Do You Consider Yourself a Reader?

There is no such thing as a child who hates to read, there are only children who have not found the right book. -Frank Serafini

On spring break we broke up the long stretches of highway with different car activities. Coming out of Bakerfield, California we cranked the clear reception of KUZZ country radio and started sorting songs. We came up with four categories of country music: hookin’ up, breakin’ up, makin’ up and gettin’ messed up.

Take for example, Jake Owen’s Blue Jean Night

Blue eyes and auburn hair
Sittin’ lookin’ pretty by the fire in a lawn chair
New to town, new to me
Her ruby red lips was sipping’ on sweet tea…

Blue Jean Night definitely fits the “hookin’ up” category. While Blake Shelton’s Drink On It goes in the “gettin’ messed up.”

I could use another whiskey
And your Cosmo’s gettin’ low
While we’re trying to figure out
The next place we should go…

So what does this have to do with readers? Well, just like there are some trends in country music, so there are patterns with independent readers who answer a particular question in a particular way. The question is, “Do you consider yourself a reader?” And if the answer is no, they may fit into one of these categories.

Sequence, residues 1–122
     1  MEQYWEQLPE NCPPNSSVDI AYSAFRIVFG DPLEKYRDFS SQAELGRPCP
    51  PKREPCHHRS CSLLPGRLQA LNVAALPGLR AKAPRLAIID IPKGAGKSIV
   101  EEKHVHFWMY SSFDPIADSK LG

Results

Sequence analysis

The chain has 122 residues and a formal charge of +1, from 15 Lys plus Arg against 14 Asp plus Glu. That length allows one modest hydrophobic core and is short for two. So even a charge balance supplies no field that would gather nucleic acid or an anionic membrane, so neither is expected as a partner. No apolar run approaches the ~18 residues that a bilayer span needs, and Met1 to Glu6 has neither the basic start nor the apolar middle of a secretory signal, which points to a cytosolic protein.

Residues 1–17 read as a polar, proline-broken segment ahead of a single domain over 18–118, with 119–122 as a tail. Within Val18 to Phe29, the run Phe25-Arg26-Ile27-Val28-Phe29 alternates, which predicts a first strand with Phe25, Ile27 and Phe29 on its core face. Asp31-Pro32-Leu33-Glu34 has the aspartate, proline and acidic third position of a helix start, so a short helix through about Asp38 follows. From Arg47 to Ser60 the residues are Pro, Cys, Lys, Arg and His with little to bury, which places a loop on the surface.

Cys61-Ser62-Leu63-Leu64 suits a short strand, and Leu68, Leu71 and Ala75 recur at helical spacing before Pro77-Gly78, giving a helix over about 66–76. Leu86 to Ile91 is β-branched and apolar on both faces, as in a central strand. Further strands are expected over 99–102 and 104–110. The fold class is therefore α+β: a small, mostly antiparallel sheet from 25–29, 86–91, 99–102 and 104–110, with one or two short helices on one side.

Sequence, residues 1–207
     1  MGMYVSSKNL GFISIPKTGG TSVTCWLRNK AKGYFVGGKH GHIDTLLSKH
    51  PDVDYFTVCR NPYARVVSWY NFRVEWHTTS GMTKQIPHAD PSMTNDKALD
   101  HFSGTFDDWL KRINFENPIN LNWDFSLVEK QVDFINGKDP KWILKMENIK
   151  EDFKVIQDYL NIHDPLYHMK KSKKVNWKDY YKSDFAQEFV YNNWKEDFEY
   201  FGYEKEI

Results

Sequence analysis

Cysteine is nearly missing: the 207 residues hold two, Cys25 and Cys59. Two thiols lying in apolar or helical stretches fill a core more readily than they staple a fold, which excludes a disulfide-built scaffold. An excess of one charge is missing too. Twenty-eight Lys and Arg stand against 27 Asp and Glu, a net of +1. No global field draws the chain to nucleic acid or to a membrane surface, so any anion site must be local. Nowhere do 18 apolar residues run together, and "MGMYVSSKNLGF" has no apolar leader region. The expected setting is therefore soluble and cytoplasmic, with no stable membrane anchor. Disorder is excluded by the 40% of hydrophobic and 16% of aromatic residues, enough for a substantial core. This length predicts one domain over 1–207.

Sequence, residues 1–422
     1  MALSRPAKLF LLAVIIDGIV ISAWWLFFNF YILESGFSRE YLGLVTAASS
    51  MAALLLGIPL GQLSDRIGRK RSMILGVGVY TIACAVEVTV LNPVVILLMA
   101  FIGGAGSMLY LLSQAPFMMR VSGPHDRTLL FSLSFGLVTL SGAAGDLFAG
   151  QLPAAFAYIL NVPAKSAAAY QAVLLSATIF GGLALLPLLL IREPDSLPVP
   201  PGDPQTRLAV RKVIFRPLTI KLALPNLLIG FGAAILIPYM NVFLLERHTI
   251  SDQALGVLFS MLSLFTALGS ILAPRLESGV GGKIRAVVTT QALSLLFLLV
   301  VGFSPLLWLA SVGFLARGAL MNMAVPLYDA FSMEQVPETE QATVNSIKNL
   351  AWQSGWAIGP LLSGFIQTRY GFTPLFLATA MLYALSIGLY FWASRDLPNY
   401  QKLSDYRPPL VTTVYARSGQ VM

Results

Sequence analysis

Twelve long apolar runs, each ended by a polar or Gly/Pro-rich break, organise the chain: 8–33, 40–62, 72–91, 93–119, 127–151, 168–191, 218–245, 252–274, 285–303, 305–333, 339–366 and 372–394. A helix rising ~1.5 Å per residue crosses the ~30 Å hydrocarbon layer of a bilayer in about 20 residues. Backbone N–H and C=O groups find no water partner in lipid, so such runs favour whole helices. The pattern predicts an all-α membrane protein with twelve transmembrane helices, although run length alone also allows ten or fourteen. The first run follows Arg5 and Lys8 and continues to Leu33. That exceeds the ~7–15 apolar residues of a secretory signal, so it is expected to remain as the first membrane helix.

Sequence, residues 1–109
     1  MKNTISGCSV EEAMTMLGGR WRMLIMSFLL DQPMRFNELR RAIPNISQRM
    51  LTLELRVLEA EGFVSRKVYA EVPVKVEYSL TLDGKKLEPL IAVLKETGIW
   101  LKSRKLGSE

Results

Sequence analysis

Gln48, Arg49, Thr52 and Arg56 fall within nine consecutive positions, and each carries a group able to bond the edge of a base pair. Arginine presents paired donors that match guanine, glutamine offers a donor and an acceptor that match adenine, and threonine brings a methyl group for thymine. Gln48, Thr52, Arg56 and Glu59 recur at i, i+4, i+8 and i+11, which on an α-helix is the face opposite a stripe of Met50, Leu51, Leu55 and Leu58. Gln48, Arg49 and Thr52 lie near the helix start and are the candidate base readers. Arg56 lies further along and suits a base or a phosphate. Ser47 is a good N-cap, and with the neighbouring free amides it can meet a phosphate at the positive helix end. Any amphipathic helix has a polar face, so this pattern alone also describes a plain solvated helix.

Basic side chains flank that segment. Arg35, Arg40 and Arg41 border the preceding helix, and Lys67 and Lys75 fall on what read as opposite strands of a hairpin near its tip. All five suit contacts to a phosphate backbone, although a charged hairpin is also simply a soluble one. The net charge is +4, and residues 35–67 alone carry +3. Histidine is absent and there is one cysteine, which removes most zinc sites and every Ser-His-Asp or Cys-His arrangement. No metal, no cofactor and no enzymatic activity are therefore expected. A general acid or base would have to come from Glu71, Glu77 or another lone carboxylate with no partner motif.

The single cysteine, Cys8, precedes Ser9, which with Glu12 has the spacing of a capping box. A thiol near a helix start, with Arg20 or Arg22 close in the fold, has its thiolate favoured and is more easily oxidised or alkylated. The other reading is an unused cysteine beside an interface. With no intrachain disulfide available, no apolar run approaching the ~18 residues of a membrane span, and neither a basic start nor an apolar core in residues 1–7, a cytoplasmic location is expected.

Bored Readers

Let’s start with the bored readers. Depending on the variety of books in their classroom or their access to the library, they may not have many books that fit their obscure tastes. Knowing your readers pays off big time here. Here are two students, the texts that got them unbored and how I sold them on these books.

Me: I read this book over my vacation. The False Prince It’s a murder mystery of sorts and has a bit of violence, but every last sentence of every chapter leaves you hanging.
Dre (Grade 5): What do you mean?
Me: Reads last line of chapter. “And that was my first clue about why Conner had taken us. We were all in terrible danger.”
Dre: That’s weird.
Me: Totally. And listen to this from the cover, “Choose to Lie..or Choose to Die.”
Dre: That’s intense.

And another,

Me: I read this book Flora and Ulysses with my daughter. The character Flora reminded me of you.
Thea (Grade 4): Why?
Me: Because you see things in extraordinary ways. Like this girl watches a squirrel get vacuumed up and that’s where the adventures really start. It’s definitely for a mature reader with a quirky sense of humor like you.

Chore Readers

Then there are the chore readers. Often these students have experiences with Accelerated Reader or other reading reward programs. They look at me strangely when I ask, “What do you read for fun?” For fun? Reading? For these students reading is homework. Reading is what you document on a chart and have your mom sign. Reading is a big have-to for kids like Noah.

Me: I have this huge book called The Lego Ideas Book
Noah (Grade 2): About legos? Just stuff about legos?
Me: Yeah. I know how much you create and build so I thought you might enjoy reading this and tell me whether the author really knows what he’s talking about.

Scarred Readers